Rutgers was able to further improve one of their strongest position groups when Fleming Island (Orange Park, Fla.) running back Trey Sneed committed in April. But let’s take a look at his strengths and weaknesses and find out what his addition means to the Scarlet Knights.
Projected collegiate position: Running back
Standing 5-10, 195 pounds, Sneed displays adequate size for the running back position at this point in his development. He is squatty enough to hide behind offensive linemen, yet thick enough to keep his feet on contact. He already displays adequate bulk that will only improve as he physically develops and entrenches himself in a collegiate strength and conditioning program.
And although he played wildcat quarterback the majority of the 2014 season, it’s his vision, foot quickness, and ability to finish off the run that make him special.
Sneed, a three-star recruit according to the 247Sports composite, sees the game very well and plays with good lateral quickness and anticipation. He has that jump cut, stop and start ability that is fun for fans to watch and a nightmare for defenders to prepare for.
He also excels at setting up his blocks, hiding behind bigger offensive linemen, then popping out on the other side, where he’s off to the races. His ability to get on top of the second level in a flash forces defenders to react quickly and, at times, guess wrong.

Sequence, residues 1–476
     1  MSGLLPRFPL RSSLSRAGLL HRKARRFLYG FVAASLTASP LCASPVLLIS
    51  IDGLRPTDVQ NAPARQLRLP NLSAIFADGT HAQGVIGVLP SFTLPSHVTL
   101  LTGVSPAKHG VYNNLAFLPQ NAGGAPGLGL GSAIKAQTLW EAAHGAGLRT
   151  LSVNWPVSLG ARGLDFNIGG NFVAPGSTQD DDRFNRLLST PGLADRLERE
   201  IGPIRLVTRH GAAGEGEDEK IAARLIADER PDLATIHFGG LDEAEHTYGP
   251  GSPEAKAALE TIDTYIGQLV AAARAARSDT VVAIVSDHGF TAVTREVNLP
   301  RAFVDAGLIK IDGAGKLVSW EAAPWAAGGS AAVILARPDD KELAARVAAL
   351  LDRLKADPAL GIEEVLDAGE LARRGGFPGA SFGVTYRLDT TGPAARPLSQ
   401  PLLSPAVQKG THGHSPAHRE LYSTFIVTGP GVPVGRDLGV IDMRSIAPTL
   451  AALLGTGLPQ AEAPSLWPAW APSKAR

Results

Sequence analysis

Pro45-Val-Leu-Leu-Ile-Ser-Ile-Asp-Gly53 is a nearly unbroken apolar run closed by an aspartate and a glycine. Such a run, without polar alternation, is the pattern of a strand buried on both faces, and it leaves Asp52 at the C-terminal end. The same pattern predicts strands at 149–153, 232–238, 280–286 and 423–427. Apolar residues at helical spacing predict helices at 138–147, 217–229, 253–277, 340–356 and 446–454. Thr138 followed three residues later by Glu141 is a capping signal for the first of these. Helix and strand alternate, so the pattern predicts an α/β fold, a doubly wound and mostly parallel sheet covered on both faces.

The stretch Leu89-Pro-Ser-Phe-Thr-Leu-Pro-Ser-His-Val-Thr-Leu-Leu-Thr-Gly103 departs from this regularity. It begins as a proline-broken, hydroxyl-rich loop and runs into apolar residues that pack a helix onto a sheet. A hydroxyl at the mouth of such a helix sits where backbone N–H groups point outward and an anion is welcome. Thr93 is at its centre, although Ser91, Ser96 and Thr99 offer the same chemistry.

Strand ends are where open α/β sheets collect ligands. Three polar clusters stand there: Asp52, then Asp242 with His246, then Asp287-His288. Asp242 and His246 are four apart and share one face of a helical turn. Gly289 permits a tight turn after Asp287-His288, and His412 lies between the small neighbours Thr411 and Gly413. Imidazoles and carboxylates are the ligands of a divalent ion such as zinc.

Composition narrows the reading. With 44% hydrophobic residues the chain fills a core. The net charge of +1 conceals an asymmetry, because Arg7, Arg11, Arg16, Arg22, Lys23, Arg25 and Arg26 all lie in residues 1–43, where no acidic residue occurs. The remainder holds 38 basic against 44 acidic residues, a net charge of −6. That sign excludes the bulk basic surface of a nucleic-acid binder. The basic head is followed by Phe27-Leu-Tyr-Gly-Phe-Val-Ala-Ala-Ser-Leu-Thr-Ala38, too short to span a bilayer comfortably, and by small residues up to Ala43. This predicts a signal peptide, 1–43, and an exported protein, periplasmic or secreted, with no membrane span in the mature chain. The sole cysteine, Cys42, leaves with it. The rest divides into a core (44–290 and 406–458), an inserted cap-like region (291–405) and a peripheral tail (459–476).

Sneed is a skilled inside runner, who doesn’t appear to gear down much in and out of his cuts. His seamless ability to stick his foot in the ground and change direction, makes him a threat each and every down.
In addition to being able to make defenders miss, he also flashes the knack to put his head down and pick up a first down as he gets good forward lean and plays behind his pads. He also shows the leg-drive and lower body strength to run through flailing arm tackles.
Areas for improvement
Sneed is really quick, instinctive and can run well, but doesn’t appear to have the top-end speed to consistently break off long touchdown scores along the perimeter. He must work on his ability to turn the corner when bouncing runs to the outside, which will allow for bigger runs against the interior size and outside speed of his collegiate counterparts.
He must also continue to add functional mass to his frame for the rigors of Big Ten football, as he can get bounced around a bit.
And missing in his junior film, due to the position he played, were examples of his hands out the backfield, which could play a role in his success as a Scarlet Knight.
Sneed will likely redshirt due to Rutgers’ depth at running back, but he’s unique enough that he could provide a change-of-pace in a limited role, once he arrives. He runs with good balance, pad level and is tough to lay a clean hit on due to his shiftiness, short area explosion and ability in the open-field.
The health of his position group could also play a part in the decision to play him right away or not. Physically, he appears ready to go, but the staff will have to weigh the pros and cons of having him burn his redshirt against the contribution they expect he’ll make.